I wonder sometimes, if in many years to come, human beings will look back at pictorial evidence of this tech age we live in and wonder why we persisted with such crude writing implements as the pencil and pen when we had touchscreens, screen pens, annotation AI and goodness knows what else at our literal and figurative fingertips. But the relationship between ink and paper is itself a story of human evolution. While societies heaved one way and the other, the pen documented the thrashing tides of change, while the paper held all parties accountable for millennia to come. We are, after all, what we write, but how we write it is important and I'll tell you why.
Cast your eyes upon any desk in any office around the world and you'll likely find an array of cheaply made ballpoint pens littering the workspace. The Bic, as handy and prolific as it is, has been an efficient conduit of words and ideas but its ubiquity and disposability somehow detract from that which it creates. It jots and scribbles rather than crafts. If it can run out in a week and be tossed in a bin, what does that say about the words it creates, or the meaning contained within? The pragmatic among you might be asking yourselves "what is he talking about? It's a bloody pen!" and yes, maybe I'm romanticising the art of writing a little, I am a journalist after all. But there is something undeniably fortifying about holding a piece of art in your hand, thoughts composed, ready to make permanent on sheaves of compressed wood pulp. You might be able to type at 80 words a minute, but speed is not of the essence here - writing with a pen or pencil is a physical expression of creativity. It tasks the brain in ways dancing fingers upon a keyboard will never do. It is art; drawing or painting in words. The Japanese have known this for a long time.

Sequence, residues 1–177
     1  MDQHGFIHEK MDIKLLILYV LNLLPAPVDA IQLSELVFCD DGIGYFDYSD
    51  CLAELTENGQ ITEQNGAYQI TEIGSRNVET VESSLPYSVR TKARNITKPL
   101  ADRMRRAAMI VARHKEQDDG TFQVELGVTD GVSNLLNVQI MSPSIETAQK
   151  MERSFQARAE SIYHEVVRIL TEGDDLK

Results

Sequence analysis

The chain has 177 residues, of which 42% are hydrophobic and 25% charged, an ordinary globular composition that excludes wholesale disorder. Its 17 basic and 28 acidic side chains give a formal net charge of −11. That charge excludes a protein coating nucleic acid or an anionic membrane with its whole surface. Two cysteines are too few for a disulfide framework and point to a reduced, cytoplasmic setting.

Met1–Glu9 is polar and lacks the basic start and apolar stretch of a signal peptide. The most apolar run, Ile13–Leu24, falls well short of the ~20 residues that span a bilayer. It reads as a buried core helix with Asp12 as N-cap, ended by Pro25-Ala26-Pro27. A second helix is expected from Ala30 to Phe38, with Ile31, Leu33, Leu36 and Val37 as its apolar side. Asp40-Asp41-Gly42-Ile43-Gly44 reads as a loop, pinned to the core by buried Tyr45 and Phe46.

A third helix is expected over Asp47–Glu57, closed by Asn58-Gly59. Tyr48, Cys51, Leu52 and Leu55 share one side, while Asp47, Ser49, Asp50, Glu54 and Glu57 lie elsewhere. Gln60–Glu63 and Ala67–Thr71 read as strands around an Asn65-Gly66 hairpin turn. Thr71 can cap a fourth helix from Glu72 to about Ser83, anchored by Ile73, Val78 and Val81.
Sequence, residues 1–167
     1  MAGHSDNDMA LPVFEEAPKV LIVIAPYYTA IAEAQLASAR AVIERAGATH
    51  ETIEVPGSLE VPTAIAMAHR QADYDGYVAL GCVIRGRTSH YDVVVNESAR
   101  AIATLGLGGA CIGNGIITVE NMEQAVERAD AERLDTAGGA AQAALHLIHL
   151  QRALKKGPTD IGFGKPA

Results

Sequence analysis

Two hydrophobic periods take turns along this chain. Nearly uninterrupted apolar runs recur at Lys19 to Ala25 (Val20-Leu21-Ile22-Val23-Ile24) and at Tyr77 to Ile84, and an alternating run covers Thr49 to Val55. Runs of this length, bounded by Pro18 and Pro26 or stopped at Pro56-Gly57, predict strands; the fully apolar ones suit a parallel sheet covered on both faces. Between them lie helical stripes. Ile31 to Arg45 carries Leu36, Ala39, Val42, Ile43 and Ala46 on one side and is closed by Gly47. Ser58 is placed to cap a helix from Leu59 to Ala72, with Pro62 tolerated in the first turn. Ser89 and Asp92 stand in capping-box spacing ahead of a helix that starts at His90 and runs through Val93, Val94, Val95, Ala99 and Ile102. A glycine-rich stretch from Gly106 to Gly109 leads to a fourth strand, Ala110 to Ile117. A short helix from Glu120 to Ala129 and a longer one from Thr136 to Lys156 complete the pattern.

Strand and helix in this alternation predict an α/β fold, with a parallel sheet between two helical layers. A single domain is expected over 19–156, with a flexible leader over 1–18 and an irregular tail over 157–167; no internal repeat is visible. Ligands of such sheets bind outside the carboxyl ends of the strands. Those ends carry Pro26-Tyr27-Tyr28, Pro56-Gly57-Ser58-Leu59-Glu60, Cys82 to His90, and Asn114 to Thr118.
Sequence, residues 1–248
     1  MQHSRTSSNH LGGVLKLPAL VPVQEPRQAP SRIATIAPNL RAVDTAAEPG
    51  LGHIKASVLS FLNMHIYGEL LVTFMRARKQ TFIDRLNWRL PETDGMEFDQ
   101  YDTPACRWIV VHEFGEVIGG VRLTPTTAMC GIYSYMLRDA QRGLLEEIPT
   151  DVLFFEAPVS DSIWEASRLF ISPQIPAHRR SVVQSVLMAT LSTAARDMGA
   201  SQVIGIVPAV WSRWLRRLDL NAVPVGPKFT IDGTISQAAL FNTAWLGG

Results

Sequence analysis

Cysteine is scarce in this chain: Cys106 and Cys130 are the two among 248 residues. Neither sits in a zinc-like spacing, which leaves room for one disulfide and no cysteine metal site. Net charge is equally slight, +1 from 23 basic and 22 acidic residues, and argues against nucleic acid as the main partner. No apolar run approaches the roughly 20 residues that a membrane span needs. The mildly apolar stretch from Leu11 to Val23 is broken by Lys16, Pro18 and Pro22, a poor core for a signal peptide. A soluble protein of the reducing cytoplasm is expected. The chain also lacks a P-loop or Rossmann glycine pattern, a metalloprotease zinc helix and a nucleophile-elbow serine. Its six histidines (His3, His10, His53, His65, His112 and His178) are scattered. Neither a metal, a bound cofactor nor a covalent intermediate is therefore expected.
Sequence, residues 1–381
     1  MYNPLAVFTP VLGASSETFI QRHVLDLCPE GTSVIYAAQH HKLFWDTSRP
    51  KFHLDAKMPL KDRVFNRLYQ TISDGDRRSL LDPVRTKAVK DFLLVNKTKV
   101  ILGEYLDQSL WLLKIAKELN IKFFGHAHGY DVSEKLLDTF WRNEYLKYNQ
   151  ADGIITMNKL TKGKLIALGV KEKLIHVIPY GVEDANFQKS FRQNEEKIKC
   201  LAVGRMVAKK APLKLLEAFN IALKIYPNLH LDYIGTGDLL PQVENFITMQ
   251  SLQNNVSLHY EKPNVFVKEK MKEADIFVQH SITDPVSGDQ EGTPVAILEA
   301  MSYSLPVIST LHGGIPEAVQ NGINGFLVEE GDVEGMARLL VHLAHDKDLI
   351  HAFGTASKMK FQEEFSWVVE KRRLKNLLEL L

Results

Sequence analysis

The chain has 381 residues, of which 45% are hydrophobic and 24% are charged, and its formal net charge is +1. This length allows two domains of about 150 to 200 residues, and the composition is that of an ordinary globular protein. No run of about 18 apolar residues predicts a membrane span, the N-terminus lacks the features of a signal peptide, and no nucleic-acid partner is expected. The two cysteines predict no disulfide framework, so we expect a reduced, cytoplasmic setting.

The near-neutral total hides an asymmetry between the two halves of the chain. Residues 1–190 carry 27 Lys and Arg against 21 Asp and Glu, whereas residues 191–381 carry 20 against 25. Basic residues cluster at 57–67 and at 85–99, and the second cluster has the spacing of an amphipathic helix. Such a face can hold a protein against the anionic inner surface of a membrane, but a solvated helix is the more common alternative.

Of the writing tool specialists still active today, the British brand Yard-O-Led, based in Birmingham and specialising in sterling silver pens and pencils, is one you should take note of. Founded in 1934 by Ludwig Brenner, a German who established his business in Charterhouse Street , near Hatton Garden, the centre of the London jewellery trade, and registered his patent on an improved propelling pencil mechanism. His patent allowed the pencil to hold 12 three-inch leads, thus making a yard of lead length, from which The Yard-O-Led Pencil Company was founded upon. In 1994, a new Yard-O-Led atelier was established in Spencer Street, Birmingham, in the heart of the Jewellery Quarter. All of Yard-O-Led's creations are handcrafted in 925 sterling silver, from the minimalistic Diplomat collection to the ornate Viceroy Grand designs, giving a concertedly weighty feel in one's hand. We can't promise you'll pen an equally weighty treatise, novel or whatever else you might chance your hand at, but rest assured you have in your grip a work of art that will write itself into your life.